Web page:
HC Deb 15 July 1997 vol 298 cc181-3
5. Mrs. May

To ask the Secretary of State for Scotland if he will make a statement about his proposals for tax—varying powers for a Scottish Parliament. [6694]

The Secretary of State for Scotland (Mr. Donald Dewar)

As stated in the Government's manifesto, Parliament will have defined but limited power to vary revenues. The details will be set out in a White Paper to be published shortly.

Mrs. May

I am grateful to the right hon. Gentleman for confirming that, despite some recent uncertainties, the Government retain their commitment to impose 18 tax rises on the people of Scotland compared with the 17 tax rises announced in the Budget for the rest of the country.

Will he confirm that the summary of the White Paper, which the Minister has just said will be distributed to households in Scotland, will include details of the tax-varying powers? Will it explain why the Government feel that it is necessary to impose that extra tax when the Prime Minister consistently said to the people of the country prior to the election that there would be no tax rises? Will the right hon. Gentleman provide an explanation in that paper about whether the Scottish Parliament will have full tax-varying powers or whether, as the Prime Minister suggested before the election, it will simply be like a parish council?

Mr. Dewar

I congratulate the hon. Lady on her assiduous repetition of propaganda from central office. I commend the White Paper to her when it is published. Perhaps she could start, however, by visiting Scotland and talking to people there. As I am sure she will know if she reads the papers even in a cursory fashion, the polls show an increasingly healthy majority support not just for the concept of a Scottish Parliament but for the need to give it the discipline and responsibility of having powers to vary some of its revenue.

Mr. Dalyell

What is the answer to the question put in yesterday's leading article in The Scotsman as to who pays for the new Parliament building on Victoria quay, which apparently the Secretary of State has discovered he now needs?

Mr. Dewar

The one thing that I have always enjoyed about my hon. Friend is his precision, but I can assure him that on this occasion he has fallen short of his normal high standards. Consideration is being given to various options, the reasons for which I think anyone who knows the Royal high school building will appreciate. We will be looking for a scheme that gives value for money, combined with effective government and an effective working environment for new members of the Scottish Parliament. I think that there will be widespread support for that.

Mr. Wallace

Although the Labour party has suggested that it would not necessarily use any tax powers given to the Scottish Parliament in the first term of that Parliament, can the Secretary of State confirm, having consulted his officials and the Inland Revenue, that those powers will be available for use by that Parliament in its first term if the Parliament wishes to make the necessary additional investment in education and health that some of us think is needed?

Mr. Dewar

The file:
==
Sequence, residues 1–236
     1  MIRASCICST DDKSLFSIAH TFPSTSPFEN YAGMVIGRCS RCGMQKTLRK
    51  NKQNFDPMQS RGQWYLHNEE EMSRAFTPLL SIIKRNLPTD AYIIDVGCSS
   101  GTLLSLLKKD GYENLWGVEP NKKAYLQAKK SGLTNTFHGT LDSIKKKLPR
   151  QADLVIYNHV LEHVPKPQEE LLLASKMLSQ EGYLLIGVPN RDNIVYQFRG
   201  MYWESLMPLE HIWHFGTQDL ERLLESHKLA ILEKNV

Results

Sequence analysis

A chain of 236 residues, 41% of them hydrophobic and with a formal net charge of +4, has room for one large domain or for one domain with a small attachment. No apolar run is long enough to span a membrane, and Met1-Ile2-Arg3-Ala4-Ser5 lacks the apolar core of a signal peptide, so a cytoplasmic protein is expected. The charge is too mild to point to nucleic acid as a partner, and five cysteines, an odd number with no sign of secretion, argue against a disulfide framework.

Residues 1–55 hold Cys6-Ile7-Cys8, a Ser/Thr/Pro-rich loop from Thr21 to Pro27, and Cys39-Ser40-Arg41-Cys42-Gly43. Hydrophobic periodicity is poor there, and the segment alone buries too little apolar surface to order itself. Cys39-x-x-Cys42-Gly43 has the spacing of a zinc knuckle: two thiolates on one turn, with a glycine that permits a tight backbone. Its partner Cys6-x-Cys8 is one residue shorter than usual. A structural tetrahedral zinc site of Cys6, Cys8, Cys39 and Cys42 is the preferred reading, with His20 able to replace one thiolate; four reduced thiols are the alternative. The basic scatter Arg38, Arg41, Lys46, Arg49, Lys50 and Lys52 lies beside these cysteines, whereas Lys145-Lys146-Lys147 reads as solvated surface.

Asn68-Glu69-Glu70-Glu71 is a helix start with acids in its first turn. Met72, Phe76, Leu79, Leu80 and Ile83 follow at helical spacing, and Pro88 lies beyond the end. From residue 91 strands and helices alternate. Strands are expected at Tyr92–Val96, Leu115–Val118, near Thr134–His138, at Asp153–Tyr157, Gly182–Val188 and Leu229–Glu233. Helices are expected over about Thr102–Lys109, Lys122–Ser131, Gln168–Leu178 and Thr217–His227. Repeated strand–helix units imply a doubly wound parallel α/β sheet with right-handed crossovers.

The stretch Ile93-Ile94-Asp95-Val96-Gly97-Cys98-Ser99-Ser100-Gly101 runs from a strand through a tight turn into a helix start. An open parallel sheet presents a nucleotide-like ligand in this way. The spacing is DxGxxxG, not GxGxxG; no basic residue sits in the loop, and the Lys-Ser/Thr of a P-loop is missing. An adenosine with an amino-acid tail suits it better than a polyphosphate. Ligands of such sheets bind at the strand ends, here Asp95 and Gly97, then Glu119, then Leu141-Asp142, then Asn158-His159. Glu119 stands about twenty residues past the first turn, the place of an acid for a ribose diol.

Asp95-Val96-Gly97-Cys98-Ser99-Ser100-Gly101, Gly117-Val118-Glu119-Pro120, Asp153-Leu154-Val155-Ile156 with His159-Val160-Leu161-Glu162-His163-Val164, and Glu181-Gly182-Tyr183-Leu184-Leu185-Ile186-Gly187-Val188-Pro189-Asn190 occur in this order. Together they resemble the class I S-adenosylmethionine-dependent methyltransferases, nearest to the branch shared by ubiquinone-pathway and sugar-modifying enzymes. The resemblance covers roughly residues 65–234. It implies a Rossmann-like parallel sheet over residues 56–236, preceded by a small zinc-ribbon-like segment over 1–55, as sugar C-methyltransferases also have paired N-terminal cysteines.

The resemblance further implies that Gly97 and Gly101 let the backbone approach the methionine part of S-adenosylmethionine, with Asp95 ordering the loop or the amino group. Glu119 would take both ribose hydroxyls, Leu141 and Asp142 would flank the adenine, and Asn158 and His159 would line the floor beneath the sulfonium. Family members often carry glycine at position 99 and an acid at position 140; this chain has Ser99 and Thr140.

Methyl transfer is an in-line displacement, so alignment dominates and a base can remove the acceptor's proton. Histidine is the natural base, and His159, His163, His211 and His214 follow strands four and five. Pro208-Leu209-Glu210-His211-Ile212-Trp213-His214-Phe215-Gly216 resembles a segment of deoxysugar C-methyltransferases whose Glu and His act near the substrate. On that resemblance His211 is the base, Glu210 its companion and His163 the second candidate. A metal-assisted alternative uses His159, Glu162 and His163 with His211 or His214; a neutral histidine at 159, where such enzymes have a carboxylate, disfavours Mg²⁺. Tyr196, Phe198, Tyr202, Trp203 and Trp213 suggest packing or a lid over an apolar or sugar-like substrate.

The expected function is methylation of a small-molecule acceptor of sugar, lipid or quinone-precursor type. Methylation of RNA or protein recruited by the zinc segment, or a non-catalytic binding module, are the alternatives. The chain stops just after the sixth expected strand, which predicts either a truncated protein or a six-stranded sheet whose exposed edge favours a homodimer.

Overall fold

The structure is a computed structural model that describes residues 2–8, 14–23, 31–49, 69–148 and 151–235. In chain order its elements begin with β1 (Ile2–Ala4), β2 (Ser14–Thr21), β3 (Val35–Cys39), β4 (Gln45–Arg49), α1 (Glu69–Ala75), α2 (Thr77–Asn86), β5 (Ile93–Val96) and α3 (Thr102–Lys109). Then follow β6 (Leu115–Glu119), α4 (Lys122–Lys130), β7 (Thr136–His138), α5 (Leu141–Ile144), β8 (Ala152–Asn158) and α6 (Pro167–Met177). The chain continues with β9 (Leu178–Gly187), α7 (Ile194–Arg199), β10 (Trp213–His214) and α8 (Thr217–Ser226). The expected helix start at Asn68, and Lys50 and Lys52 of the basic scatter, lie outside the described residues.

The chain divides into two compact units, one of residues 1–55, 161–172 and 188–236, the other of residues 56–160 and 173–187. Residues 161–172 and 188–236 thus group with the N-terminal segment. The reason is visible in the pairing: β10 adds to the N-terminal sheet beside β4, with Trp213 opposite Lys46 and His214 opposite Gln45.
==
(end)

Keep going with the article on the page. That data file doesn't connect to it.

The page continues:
That is the intention. I am grateful to the hon. Gentleman for precisely drawing attention to the difference between an existence of the power and the use of it.

Mr. McAllion

Does my right hon. Friend agree that a directly elected Scottish Parliament will have a democratic legitimacy that cannot be matched even by the Scottish Office? It will therefore be a far more significant player in the annual public spending round than any Whitehall-based Department. It will therefore be better placed to defend levels of public spending in Scotland and to build upon that with its tax-varying power. Will my right hon. Friend therefore join me in recommending all those who want to see better public services in Scotland, which are better funded, to go out at the referendum and vote yes, yes?

Mr. Dewar

I certainly endorse what my hon. Friend says about the need for a good turn-out and to maximise the enormous potential support that exists, as almost every opinion poll has shown. The most recent one showed that eight out of 10 Scots, in the sample polled, felt that a Scottish Parliament directly elected in the way we suggest would produce policies more attuned to the needs of Scotland. There is an essential democratic case at the very heart of our argument for a Scottish Parliament.

Mr. Ancram

The Secretary of State is always keen to remind the House that the tax-varying power means downwards as well as upwards, so can he confirm the statement made in the other place recently by Government Treasury spokesman Lord Haskel—that, if a Scottish Parliament lowered the standard rate of tax by the permitted 3p in the pound, the Treasury would cut the Scottish block by £450 million to make up the lost revenue? On that evidence, can the right hon. Gentleman still claim that the tax-varying power, to reduce or put up tax, is good for the Scottish people? Will they not suffer either way from this half-baked tartan tax idea?

Mr. Dewar

The right hon. Gentleman will want to read the White Paper with care. I congratulate the noble Lord, who seems to have gone some way to educating Opposition Front-Bench spokesmen about the proposals. If we reduce taxation, that will have an obvious impact on the subvention from the United Kingdom Exchequer—it would be extraordinary if it did not. I hate to imagine the assault that would be mounted on us if we proposed otherwise.

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